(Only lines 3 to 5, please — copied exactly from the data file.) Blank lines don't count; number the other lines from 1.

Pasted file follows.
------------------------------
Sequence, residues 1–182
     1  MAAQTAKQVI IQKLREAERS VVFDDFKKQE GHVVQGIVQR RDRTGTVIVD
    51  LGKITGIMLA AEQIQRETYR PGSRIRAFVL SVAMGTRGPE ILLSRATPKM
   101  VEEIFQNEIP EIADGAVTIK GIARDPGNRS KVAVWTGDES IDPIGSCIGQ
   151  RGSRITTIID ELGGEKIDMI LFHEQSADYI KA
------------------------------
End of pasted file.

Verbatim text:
    51  LGKITGIMLA AEQIQRETYR PGSRIRAFVL SVAMGTRGPE ILLSRATPKM
   101  VEEIFQNEIP EIADGAVTIK GIARDPGNRS KVAVWTGDES IDPIGSCIGQ
   151  RGSRITTIID ELGGEKIDMI LFHEQSADYI KA